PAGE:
A stolen password is the new version of having your pocket picked - it can totally ruin your day and the knock on effect can take months to unscramble.

As you travel around the internet you need to be ever vigilant about keeping passwords secure.

The commonly advised thing to do is have a different, complex password for each new login but who can remember all those passwords? Also current advice is that different and rotating passwords doesn’t work as people simply reuse the same password or variations anyway.

In 2018, Verizon reported in its annual Data Breach Investigations Report (DBIR) that 81% of hacking-related data breaches involved either stolen or weak passwords.

Now what?
The most up to date advice is to use a low tech solution, Passphrases and not word and number combinations. Passwords can be easy to crack for people and bots especially with the availability of personal information on social media - dog name plus birthdate doesn’t cut it anymore.

Are passphrases better than passwords? Passphrases can be easier to remember than letter/number combinations especially if they are a favourite song or quote.

Adding punctuation makes the phrase even more complicated and meets most complexity requirements.

Most modern operating systems (Windows, Linux and Mac) support passphrases.

Best of all they are almost impossible to crack, even the most cutting-edge cracking tools will not be able to guess or brute force these tricky beasts.

Loving this site - https://www.useapassphrase.com/. Check out the approximate time to crack - 17 million centuries - seems pretty secure to me.


The Technical Solutions

We all love the convenience of the autofill feature in browsers but a recent report from Princeton's Center for Information Technology Policy indicates that this feature is being exploited by online advertising and tracking firms. Researchers found third-party scripts built to prey on the autofill feature have been harvesting email addresses for advertising and user tracking.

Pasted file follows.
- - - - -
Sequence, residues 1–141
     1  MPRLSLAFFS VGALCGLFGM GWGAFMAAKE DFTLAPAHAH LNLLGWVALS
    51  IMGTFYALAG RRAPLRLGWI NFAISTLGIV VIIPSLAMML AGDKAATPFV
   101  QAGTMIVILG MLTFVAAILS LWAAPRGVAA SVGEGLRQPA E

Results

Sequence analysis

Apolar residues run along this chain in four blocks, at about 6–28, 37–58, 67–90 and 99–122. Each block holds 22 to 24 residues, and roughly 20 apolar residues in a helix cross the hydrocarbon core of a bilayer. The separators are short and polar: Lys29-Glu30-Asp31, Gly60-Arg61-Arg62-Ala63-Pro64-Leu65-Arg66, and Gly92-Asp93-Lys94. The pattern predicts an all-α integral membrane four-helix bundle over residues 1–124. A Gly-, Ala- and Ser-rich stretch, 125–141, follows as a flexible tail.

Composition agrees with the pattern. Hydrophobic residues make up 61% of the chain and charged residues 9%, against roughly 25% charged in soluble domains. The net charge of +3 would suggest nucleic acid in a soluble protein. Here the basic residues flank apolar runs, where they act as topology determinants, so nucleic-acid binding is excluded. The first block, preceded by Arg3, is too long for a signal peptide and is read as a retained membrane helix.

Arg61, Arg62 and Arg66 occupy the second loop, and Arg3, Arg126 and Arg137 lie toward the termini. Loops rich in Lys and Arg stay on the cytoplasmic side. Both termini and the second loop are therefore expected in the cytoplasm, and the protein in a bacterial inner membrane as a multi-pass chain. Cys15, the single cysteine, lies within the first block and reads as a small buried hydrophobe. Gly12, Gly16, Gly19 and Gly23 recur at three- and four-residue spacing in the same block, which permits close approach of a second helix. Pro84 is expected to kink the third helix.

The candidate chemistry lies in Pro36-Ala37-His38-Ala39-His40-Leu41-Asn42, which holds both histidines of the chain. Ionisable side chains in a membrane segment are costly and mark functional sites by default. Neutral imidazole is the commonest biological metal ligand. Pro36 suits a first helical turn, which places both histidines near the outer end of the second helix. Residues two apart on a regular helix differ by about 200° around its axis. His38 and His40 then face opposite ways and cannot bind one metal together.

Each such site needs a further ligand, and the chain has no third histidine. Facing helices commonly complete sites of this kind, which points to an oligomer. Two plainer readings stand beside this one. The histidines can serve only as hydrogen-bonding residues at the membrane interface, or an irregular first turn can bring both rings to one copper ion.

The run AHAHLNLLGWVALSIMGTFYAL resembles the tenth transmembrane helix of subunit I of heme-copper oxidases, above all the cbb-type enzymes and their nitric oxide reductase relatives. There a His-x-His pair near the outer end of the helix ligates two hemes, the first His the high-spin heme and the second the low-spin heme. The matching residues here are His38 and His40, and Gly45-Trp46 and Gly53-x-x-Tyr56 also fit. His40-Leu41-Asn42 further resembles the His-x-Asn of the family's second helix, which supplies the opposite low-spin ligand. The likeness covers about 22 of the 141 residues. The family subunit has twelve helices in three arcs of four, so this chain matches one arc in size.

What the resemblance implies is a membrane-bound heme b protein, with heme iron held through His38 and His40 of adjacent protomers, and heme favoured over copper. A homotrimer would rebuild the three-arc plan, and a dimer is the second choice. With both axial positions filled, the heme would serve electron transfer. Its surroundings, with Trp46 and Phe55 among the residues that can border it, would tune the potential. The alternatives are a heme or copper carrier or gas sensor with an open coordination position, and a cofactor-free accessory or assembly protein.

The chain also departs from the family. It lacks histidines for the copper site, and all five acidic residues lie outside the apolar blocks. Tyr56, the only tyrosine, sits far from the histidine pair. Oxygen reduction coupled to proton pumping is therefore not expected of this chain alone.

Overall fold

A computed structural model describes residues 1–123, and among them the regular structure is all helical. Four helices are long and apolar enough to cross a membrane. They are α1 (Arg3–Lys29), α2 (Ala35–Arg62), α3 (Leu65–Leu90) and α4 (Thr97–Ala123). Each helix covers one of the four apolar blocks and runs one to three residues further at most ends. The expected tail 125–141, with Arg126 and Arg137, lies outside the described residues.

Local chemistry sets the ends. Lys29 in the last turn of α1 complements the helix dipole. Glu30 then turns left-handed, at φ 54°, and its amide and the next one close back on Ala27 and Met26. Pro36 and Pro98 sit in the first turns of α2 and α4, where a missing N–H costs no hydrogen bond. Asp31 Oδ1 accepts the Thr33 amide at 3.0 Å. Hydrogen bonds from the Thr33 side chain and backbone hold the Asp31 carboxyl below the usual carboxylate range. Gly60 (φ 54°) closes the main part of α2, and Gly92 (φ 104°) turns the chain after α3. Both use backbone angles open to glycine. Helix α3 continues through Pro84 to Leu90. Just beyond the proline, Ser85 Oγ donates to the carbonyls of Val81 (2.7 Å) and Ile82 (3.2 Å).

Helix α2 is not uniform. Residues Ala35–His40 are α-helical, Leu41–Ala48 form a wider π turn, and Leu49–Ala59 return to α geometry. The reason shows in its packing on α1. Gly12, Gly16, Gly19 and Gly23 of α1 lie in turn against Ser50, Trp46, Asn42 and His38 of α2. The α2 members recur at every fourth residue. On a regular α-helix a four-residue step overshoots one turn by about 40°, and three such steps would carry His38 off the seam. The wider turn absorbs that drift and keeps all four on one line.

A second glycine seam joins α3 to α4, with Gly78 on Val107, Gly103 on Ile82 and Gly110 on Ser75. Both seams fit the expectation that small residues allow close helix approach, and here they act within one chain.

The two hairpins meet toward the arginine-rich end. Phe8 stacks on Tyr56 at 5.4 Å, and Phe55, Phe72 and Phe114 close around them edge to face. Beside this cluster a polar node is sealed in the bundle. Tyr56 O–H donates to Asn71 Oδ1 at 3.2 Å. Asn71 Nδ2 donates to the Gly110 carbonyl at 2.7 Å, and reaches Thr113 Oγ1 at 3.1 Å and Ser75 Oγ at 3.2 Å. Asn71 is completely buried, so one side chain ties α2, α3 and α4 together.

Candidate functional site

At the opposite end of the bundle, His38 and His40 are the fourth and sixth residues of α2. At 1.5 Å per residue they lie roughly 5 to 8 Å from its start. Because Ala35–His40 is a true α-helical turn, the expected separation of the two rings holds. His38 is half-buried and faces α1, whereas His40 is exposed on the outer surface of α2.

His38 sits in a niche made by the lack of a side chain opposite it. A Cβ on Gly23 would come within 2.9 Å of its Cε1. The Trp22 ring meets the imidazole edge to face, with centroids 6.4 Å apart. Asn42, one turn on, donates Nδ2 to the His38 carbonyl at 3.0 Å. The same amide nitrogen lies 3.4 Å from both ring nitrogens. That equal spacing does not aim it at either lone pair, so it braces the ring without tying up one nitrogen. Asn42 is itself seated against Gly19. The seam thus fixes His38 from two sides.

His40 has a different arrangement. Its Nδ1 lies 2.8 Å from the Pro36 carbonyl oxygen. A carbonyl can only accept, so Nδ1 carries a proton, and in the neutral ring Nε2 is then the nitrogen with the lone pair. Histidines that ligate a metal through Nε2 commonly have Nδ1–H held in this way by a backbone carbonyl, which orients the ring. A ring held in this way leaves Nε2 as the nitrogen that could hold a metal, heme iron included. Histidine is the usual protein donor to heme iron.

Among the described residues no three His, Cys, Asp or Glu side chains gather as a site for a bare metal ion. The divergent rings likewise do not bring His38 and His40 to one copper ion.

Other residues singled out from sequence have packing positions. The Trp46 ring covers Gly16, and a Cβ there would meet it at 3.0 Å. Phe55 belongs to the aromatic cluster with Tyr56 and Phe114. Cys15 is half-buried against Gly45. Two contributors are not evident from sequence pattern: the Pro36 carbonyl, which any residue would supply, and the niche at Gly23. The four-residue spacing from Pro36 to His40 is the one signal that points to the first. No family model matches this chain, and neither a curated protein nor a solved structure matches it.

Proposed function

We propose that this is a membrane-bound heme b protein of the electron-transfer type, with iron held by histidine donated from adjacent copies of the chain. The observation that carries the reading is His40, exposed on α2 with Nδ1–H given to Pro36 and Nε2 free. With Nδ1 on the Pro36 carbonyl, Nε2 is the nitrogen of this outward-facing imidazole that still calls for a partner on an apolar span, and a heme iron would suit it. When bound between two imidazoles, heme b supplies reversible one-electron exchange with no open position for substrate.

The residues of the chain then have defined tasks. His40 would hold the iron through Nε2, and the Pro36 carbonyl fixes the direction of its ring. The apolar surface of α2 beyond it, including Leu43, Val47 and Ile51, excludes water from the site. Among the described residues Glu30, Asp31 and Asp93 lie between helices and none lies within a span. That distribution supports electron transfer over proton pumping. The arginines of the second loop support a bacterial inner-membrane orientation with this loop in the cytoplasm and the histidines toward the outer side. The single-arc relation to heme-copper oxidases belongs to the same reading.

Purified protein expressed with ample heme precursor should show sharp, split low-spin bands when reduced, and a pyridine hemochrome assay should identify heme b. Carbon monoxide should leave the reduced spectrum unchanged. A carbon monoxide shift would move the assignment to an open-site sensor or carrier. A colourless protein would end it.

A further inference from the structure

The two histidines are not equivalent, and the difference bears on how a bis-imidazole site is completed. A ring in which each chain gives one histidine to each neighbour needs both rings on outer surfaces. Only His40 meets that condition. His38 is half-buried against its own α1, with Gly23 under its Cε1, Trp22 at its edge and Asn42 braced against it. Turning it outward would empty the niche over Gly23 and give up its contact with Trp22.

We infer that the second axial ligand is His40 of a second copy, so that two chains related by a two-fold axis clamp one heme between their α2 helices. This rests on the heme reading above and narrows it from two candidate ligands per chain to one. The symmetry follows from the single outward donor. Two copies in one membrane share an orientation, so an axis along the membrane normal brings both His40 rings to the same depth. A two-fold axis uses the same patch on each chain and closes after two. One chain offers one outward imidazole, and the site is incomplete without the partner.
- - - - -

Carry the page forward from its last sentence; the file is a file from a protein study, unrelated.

Password Management Software is now key. This is a vault that stores your passwords and is accessible using a single password. At Kindleman, we use 1Password, we have individual vaults and a shared company vault which keeps all our client’s username/password combinations safe and secure.

We have also implemented Two-Factor Authentication (2FA) for key financial systems.

Two Factor Authentication is a method confirming a person's identity using 2 factors, something they know, something they have, or something they are for example a password and a one-time password (OTP) sent via email or SMA or code generated or received by an authenticator (e.g. Google Authenticator app on a smartphone) that only the user possesses.

The best option is to use all methods. Passphrases stored in a password manager and 2FA.